Friday, January 18, 2013

The Postmodern Work of Takashi Miike

     Takashi Miike is one the most notable and controversial directors working today. He works with many taboo and bizarre subjects and attracts attention through shocking, violent works. Although Miike is known internationally for his horror-like elements, he has worked in many different genres, often combining them in a unique way.

     Takashi Miike was born outside of Osaka, Japan. He began directing in 1991, while he was in his early thirties (“Biography”). According to his biography on IMDB, he had been to film school, but hardly ever attended class (“Biography”). His first films as director were mainly straight-to-video. Miike gained international attention with his 1999 film, Audition. It started out as a subtle drama, but ended as surreal horror with the main character getting tortured and his foot brutally cut off. The violence was considered highly graphic, thus garnering attention for the film.

     This trend continued with 2001’s Ichi the Killer, which contained even more blood and gore. The film was filled with depraved acts of sadomasochism and torture. A character is tortured with metal hooks stuck in the skin of his back and gets burning oil poured on him. The main character slices off his own tongue and a women gets her nipples cut off. According to Guardian, the film “required three minutes of cuts by the British Board of Film Classification because of its ‘extreme sexualised violence’” (Rose). Many of Miike’s other popular movies such as Visitor Q (2001) and Gozu (2003) didn't make traditional narrative sense and were filled with disgusting acts.

     For instance, in Visitor Q, a man has sex with a dead woman, feels wetness, and then assumes she is miraculously responding to him only to find out that that the wetness is feces. In addition, Gozu features a fully grown man coming out of a woman’s vagina. These films and more have caused Miike to have a strong cult following all around the globe.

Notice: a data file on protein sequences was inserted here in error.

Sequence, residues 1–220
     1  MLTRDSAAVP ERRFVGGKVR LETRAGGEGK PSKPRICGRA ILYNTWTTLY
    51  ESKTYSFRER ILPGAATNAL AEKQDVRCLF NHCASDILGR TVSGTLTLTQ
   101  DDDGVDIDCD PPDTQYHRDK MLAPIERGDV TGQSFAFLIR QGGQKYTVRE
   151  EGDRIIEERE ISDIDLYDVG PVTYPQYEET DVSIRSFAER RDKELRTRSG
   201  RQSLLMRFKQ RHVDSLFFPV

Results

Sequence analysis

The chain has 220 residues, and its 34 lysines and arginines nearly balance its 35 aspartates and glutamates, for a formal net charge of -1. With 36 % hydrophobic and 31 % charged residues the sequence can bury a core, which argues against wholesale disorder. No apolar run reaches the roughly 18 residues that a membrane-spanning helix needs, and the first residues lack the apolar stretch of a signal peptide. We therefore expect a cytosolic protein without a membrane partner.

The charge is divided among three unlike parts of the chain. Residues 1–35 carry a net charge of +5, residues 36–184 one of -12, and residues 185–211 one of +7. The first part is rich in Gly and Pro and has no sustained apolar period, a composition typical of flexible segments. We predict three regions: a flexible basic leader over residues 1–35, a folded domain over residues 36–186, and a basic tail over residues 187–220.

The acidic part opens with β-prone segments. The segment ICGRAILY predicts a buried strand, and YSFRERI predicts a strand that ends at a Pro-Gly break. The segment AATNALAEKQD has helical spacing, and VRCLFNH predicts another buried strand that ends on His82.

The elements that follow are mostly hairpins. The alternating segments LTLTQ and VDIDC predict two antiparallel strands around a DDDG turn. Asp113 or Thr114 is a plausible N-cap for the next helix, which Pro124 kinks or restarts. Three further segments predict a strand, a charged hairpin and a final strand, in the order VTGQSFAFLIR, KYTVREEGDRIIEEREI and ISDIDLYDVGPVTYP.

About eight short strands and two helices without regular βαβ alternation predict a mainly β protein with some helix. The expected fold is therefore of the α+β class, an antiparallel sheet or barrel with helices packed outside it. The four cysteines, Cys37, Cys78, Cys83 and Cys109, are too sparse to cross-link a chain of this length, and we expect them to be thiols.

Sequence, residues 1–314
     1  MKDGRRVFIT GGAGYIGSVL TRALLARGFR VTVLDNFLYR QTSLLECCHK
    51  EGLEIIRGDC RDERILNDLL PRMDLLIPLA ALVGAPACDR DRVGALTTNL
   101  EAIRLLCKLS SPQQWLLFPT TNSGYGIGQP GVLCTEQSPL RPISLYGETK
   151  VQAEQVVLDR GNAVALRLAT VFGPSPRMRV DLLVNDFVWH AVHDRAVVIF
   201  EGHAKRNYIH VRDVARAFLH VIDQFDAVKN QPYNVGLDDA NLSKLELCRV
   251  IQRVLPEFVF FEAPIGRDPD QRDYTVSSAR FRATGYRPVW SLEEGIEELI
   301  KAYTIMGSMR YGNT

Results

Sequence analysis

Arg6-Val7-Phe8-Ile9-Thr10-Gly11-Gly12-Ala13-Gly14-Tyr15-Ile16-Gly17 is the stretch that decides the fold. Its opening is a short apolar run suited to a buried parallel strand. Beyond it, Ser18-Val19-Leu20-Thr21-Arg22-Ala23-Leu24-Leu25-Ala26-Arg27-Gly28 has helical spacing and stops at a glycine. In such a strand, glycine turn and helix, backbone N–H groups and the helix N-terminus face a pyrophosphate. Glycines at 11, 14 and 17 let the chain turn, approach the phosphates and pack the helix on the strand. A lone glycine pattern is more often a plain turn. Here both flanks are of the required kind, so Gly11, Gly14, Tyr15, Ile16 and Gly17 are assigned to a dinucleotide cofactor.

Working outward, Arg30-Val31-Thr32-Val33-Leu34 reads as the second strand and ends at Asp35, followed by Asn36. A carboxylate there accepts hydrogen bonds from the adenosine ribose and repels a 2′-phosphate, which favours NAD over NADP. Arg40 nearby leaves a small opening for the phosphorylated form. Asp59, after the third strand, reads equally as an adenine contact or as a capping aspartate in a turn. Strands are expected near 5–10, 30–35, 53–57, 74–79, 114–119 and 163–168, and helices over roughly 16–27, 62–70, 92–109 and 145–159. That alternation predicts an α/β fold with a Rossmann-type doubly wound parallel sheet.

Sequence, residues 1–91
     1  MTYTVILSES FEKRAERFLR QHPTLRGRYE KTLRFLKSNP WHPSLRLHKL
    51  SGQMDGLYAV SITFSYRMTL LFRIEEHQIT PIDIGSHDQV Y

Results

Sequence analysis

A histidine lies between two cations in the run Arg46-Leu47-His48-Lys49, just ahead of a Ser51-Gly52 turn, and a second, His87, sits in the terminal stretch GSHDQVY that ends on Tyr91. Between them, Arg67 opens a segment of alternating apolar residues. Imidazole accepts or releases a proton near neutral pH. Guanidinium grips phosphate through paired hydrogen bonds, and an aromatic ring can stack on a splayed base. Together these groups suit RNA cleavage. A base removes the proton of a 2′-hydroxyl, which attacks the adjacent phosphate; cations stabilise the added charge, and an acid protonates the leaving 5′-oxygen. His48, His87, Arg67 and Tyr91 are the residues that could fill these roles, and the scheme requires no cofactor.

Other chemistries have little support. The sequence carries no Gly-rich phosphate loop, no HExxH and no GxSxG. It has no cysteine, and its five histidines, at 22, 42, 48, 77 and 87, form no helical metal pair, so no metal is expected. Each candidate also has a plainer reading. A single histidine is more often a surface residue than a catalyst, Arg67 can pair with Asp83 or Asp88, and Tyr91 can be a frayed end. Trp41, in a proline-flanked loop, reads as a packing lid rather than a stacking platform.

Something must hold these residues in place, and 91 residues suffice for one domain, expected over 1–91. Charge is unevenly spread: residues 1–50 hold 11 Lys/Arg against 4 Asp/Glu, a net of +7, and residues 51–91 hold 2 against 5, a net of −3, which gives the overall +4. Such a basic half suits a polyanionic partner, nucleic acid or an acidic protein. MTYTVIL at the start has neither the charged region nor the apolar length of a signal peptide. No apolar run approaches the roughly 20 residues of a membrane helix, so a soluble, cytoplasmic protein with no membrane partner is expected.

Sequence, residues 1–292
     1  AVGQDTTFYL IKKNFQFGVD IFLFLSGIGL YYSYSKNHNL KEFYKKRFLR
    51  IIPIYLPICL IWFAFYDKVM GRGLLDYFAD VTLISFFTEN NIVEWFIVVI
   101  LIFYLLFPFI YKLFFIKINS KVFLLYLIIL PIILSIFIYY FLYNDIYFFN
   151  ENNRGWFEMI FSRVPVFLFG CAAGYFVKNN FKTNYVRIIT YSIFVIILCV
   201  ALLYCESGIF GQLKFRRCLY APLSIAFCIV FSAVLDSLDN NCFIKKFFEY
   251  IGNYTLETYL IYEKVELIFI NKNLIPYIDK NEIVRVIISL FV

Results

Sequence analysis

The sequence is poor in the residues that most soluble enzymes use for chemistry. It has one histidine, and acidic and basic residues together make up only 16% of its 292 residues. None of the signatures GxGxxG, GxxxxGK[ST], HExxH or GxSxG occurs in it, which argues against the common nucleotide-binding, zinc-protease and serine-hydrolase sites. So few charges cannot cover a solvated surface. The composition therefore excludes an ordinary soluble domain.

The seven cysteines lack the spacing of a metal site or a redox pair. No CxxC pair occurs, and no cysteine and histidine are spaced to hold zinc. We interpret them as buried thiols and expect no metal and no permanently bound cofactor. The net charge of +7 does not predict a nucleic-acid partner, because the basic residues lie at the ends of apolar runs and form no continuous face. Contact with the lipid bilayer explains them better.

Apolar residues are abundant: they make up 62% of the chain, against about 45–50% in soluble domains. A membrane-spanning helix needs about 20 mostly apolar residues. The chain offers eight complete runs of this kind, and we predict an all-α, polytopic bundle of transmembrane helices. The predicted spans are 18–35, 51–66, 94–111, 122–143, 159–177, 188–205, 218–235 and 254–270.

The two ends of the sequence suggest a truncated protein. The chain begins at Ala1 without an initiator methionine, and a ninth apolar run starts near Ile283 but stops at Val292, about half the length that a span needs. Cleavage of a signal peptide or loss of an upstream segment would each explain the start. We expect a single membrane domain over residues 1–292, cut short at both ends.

It is understandable then that Miike became known as a horror director whose films showcased extreme violence and sexual content. Disgusting and violent movies seem commonplace in today’s film world but he takes it to a whole new level. No subject matter or action is off-limits.

     Miike also had a small role in director Eli Roth’s Hostel (2005), which was a graphically violent horror movie, referred to by many as “torture porn.” Miike’s reputation as a horror filmmaker was so great that he was allowed to direct an episode of the “Masters of Horror” TV program in 2006, which has featured episodes made by John Carpenter, Dario Argento and other directors known for horror. However, is this really an accurate representation of Miike’s films?

     IMDB lists 82 credits under Miike’s name as director; this includes TV episodes and straight-to-video releases (“Takashi Miike”). Only 8 Miike films are categorized as horror. These include the previously mentioned Gozu, Visitor Q, and Audition. The others are Happiness of the Katakuris (2001), One Missed Call (2003), Izo (2004), The Great Yokai War (2005), and Detective Story (2007). Miike’s segment of Three…Extremes (2004) is also categorized as horror.

     However, even these films defy the traditional standards of horror. Audition is only horror for a half-hour at most. Miike himself does not consider Audition to be a horror film. “For me, Audition is not horror. At least, there is no monster, it's not supernatural. It's a story about a girl who has just slightly strange emotions, so it's not impossible to understand her,” he states (Mes).